Daily Management Review

Investors Penalize Zuckerberg After His Expensive Metaverse Pitch Falls Flat


Investors Penalize Zuckerberg After His Expensive Metaverse Pitch Falls Flat
Wall Street is losing patience with Meta CEO Mark Zuckerberg's massive and experimental bets on his metaverse project, which contributed to a fifth increase in the company's overall costs in the third quarter.
After hours, investors rushed to dump Meta Platforms Inc's stock, driving it down 20% and wiping $67 billion off its market value after the company reported its fourth consecutive quarterly profit decline.
The Facebook-parent company said its overall expenses could rise by up to 16% next year, and it expects operating losses at Reality Labs, the unit in charge of bringing the metaverse to life, to "grow significantly" next year.
One Meta shareholder recently expressed concern about the company's investments, calling them "super-sized and terrifying." Analysts described them as "confusing and perplexing," and Meta's inability to cut costs as "extremely disturbing."
During a post-earnings conference call, Jefferies analyst Brent Thill posed the following question to executives: "I think the best way to summarize how investors feel right now is that there are simply too many experimental bets versus proven bets on the core... Everyone would like to know why you believe this will pay off."
Reality Labs' losses increased to $3.67 billion in the July-September quarter, up from $2.63 billion the previous year. Revenue has been nearly halved.
"It would be a mistake for us to not focus on any of these areas that will be fundamentally important to our future," Zuckerberg said on the call.
"I know that sometimes when we ship a product ... people say: 'Hey, you're spending all this money, and you've produced this thing,' and I think that's not really the right way to think about it."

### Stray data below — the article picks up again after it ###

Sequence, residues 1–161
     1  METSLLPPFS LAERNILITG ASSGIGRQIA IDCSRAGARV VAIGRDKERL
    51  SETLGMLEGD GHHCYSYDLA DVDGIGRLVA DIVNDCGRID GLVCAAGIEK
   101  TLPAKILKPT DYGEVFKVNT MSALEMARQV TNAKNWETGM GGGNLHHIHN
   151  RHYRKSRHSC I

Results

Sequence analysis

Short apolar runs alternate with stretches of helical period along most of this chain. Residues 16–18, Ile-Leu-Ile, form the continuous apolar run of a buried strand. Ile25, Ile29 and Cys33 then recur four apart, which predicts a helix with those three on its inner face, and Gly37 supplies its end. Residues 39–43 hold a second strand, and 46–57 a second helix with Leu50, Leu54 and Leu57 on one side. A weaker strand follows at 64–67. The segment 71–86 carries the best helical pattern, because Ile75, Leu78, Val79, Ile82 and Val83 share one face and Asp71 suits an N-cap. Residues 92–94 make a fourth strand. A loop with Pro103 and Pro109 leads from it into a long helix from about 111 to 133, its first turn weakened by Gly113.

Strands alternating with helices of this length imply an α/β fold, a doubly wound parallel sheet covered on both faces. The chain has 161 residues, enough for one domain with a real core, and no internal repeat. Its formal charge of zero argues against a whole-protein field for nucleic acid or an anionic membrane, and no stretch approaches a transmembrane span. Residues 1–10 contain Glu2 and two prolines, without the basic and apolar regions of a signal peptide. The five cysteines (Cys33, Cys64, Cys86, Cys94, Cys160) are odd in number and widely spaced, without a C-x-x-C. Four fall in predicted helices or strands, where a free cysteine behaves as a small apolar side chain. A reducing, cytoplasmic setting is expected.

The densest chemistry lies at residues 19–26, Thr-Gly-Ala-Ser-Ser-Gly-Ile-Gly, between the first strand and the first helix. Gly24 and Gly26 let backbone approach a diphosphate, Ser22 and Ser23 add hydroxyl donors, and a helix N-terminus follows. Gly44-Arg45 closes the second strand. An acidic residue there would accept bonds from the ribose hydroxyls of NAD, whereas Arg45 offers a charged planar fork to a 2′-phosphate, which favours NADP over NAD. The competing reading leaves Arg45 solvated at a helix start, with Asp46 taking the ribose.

"...we're doing leading work that will become ... eventually mature products at different cadences in different periods of time over the next five to 10 years."
He discussed the company's various initiatives, including the recently unveiled $1,500 Quest Pro virtual and mixed reality headset and a social metaverse platform where people can express themselves through avatars.
He stated that Meta is also investing in augmented reality and neural interfaces.
"The metaverse ... feels like a one big gamble given the economic crisis," said Paolo Pescatore, an analyst at PP Foresight, adding that the journey ahead was going to be "long and painful".
"People are not rushing out of their seats to buy a VR headset or even watch 360 degree videos ... The new device still feels like an expensive toy," he said.
At a time when other tech companies like Microsoft and Google parent Alphabet are cutting or slowing hiring, Meta's headcount increased 32% from the end of the second quarter.
Altimeter Capital Management, a Meta shareholder, urged Zuckerberg in an open letter on Monday to streamline the company by cutting jobs and capital expenditure.
The fund proposed that Meta limit annual investments in the metaverse to $5 billion rather than the current $10 billion.